One-mode Data Structure
Since most networks are sparse (i.e., the number of ties is much lower than the squared number of nodes, I opted for an edgelist format instead of a matrix one. A binary edgelist consists of two columns that represent the pairs of nodes that are tied together in a network (e.g., the edgelist1-format in UCINET’s dl files; Borgatti et al., 2002). When a directed network is represented, the first column represents the nodes that create the ties, whereas the second column represents the target nodes. This type of list has been extended to cover weighted networks by adding a third column representing the weight of the ties. While the matrix format records the weight of all possible ties (a non-established tie would get a weight of 0), this format records the sender, receiver, and weight of established ties only. The main advantage of this format is that it can scale to networks with many nodes as it is the number of ties, not nodes, that determine the size of the data object. Although many programmes can read edgelists, most network analysis programmes rely on an internal matrix representation, e.g. UCINET and the network-package in R (Butts, 2006). Conversely, Pajek, which was designed to analyse large-scale sparse networks, specifically uses an internal edgelist representation (Batagelj and Mrvar, 2007). By following Pajek, tnet can efficiently be applied to large-scale sparse networks.In an effort to stay consistent with existing data formats, this three column table is also the format used by tnet. The object class of an edgelist in R should be the standard data.frame-class. This class allows the different columns of a table to be of different classes, such as integer and numeric (i.e., real numbers, which takes more space than integers). The first two columns of the edgelist are assumed integers (i.e., the identification number of the node creating the tie and the identification number of the node receiving the tie, respectively). The third column can be integers or numeric that represents the weights attached to the ties. To illustrate this format, the sample network on the right should be represented as follows (if a tie has two arrow heads, there are two directed ties between nodes; if there is a single number next to a two-arrow-head tie, this is the weight for both ties; if there are two numbers, the tie weight is close to the arrow head/receiver; the numbers in the square brackets are column/row headings and should not be included when loading data):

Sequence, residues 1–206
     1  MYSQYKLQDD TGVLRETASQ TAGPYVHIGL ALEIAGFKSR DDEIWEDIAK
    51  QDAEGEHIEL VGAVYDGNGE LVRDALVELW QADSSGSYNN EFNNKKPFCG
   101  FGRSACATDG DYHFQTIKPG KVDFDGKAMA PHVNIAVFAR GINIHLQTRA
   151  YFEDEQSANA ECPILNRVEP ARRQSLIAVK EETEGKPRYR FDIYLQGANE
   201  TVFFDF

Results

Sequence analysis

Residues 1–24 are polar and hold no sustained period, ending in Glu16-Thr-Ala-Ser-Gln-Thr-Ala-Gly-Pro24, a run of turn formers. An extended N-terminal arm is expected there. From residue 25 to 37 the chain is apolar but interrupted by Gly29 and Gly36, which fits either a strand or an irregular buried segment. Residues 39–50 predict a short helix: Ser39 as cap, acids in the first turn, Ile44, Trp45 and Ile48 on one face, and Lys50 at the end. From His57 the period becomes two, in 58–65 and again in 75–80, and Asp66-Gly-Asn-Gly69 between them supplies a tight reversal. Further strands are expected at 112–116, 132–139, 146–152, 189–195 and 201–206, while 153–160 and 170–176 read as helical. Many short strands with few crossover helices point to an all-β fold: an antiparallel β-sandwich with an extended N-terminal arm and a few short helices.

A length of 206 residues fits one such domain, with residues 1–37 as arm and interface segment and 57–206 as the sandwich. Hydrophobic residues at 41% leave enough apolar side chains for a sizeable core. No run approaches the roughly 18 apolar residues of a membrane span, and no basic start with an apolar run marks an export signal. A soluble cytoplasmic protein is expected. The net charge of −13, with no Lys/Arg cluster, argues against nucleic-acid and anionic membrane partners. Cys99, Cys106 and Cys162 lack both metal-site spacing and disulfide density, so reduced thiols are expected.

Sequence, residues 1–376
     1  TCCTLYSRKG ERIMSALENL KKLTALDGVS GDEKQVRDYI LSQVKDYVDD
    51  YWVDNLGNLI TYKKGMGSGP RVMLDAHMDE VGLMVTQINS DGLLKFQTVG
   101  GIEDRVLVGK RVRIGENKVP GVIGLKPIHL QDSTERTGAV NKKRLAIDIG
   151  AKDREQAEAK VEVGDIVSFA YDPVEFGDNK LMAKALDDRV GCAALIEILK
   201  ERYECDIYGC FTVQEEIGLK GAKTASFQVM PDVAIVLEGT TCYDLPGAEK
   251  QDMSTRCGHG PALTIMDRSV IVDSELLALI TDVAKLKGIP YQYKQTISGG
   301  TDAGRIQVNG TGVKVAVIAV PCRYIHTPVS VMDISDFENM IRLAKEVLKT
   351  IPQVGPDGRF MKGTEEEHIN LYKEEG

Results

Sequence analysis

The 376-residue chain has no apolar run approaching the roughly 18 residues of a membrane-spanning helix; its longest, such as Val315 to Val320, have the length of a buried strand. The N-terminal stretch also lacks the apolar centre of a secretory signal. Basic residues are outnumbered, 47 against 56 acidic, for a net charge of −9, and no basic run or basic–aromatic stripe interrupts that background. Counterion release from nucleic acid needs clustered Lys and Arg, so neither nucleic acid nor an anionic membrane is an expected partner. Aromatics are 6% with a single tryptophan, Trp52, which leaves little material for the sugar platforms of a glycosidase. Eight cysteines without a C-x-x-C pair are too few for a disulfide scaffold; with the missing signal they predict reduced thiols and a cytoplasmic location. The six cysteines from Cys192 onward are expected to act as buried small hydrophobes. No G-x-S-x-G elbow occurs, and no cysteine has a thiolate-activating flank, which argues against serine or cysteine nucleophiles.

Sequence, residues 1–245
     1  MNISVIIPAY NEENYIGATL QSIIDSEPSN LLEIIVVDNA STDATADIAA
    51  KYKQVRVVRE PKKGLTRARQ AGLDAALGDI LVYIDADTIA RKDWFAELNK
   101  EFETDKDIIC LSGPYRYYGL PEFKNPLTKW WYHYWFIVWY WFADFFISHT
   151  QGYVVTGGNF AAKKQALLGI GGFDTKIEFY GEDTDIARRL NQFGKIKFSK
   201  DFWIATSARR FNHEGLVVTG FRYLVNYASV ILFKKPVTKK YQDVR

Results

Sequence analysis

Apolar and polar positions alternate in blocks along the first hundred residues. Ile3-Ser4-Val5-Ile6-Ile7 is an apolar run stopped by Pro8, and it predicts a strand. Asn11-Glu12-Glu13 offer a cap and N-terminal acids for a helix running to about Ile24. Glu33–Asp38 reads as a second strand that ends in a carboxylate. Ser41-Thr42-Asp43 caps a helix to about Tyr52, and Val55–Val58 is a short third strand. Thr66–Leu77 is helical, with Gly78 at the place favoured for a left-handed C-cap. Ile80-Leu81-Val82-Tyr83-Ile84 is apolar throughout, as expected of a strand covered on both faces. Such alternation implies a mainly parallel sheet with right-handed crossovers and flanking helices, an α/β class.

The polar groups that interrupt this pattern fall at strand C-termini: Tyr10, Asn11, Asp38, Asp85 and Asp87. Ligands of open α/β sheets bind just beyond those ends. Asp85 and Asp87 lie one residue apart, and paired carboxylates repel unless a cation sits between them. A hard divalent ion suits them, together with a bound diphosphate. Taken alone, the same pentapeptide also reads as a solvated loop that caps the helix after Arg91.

[,1] [,2] [,3] [1,] 1 2 2 [2,] 1 3 2 [3,] 2 1 4 [4,] 2 3 4 [5,] 2 4 1 [6,] 2 5 2 [7,] 3 1 2 [8,] 3 2 4 [9,] 5 2 2 [10,] 5 6 1
All networks are assumed directed in tnet. To represent an undirected network, each tie must be mentioned twice — one in each direction. Currently, only the local clustering coefficient is defined solely for undirected networks. If the sample network above was undirected (symmetrised using the average tie weight), the network should be represented as follows:
[,1] [,2] [,3] [1,] 1 2 3.0 [2,] 1 3 2.0 [3,] 2 1 3.0 [4,] 2 3 4.0 [5,] 2 4 0.5 [6,] 2 5 2.0 [7,] 3 1 2.0 [8,] 3 2 4.0 [9,] 4 2 0.5 [10,] 5 2 2.0 [11,] 5 6 0.5 [12,] 6 5 0.5
Loading Your Network